6. What are the common methods of acquiring knowledge?
    The common methods of acquiring knowledge are tenacity, intuition, authority, empiricism, rationalism, and science.
  7. Which two methods are combined in science?
    Science combines empiricism (knowledge through observation) and rationalism(knowledge through reasoning).
  8. What is meant by naïve empiricism?
    Naïve empiricism insists on experiencing evidence directly through the senses. “I won’t Believe it unless I see it”. But you wouldn’t say that New York or gravity doesn’t exist just because you have not seen it.
  9. What is meant by sophisticated empiricism?
    In contrast to naïve empiricism it says that we don’t have to see it to believe it. So it allows indirect evidence of a phenomena, such as the effects of gravity on falling objects.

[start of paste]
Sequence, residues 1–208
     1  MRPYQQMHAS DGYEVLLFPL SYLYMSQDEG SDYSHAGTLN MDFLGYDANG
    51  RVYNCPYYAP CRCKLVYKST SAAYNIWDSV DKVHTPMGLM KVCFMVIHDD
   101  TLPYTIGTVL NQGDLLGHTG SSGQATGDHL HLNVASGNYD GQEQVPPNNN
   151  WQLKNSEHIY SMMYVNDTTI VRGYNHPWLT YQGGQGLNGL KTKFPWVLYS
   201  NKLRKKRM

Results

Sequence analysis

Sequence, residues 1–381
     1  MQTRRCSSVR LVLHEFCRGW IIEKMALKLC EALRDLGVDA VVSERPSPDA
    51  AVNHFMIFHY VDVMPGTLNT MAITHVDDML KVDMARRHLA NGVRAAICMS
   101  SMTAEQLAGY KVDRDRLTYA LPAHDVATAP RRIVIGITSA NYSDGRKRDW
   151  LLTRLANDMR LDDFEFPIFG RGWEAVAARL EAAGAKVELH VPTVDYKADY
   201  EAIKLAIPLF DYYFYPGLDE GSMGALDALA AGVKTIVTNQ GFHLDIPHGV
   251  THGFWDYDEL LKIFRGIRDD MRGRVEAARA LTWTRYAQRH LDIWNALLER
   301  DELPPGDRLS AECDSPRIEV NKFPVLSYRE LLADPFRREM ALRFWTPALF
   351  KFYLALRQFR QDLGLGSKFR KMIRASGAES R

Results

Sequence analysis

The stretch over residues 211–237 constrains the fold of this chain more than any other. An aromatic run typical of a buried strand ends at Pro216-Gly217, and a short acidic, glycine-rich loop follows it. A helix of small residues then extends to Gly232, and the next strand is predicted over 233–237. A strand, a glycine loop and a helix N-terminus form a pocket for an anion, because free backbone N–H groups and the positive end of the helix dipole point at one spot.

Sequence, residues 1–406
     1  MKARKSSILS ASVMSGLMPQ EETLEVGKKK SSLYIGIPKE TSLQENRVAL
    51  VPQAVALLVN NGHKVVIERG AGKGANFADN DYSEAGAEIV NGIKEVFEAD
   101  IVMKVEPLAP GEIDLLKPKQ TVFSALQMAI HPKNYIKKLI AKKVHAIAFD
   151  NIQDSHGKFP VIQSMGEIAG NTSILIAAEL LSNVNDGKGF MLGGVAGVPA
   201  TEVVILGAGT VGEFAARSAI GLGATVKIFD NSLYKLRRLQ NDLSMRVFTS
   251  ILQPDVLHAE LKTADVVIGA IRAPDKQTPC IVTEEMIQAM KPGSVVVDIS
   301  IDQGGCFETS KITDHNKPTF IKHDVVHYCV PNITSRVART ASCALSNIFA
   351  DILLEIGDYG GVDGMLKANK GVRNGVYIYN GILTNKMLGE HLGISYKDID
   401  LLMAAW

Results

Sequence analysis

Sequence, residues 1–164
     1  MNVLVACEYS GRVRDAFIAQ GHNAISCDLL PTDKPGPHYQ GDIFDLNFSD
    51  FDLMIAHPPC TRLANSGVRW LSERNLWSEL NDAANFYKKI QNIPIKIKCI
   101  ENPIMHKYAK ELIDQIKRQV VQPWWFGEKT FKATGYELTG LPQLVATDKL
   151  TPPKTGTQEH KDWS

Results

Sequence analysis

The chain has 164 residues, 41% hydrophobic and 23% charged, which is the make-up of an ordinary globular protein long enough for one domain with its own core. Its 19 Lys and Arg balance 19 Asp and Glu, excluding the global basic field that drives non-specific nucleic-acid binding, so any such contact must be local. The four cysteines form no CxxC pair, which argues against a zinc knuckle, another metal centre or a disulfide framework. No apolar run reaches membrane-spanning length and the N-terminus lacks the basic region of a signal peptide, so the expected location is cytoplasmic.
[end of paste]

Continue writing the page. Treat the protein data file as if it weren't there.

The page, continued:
10. What are the limitations of rationalism?
    The limitation of rationalism is that the premises must be correct for the conclusions to be correct.
  11. What are the limitations of empiricism?
    The limitations of empiricism is that, by itself, it does little more than collect facts; it needs rational processes to organize these facts.
  12. How did the early practical skills of artisans contribute
    to modern science?
    The early practical skills of artisans illustrated the advantage of abstract information in solving everyday problems, thus justifying the kind of scientific study that seeks to systematically develop such information.
  13. What contribution did Thales make to science?
    Thales, considered the father of science, rejected mysticism and studied natural phenomena using empirical observation and rational thought.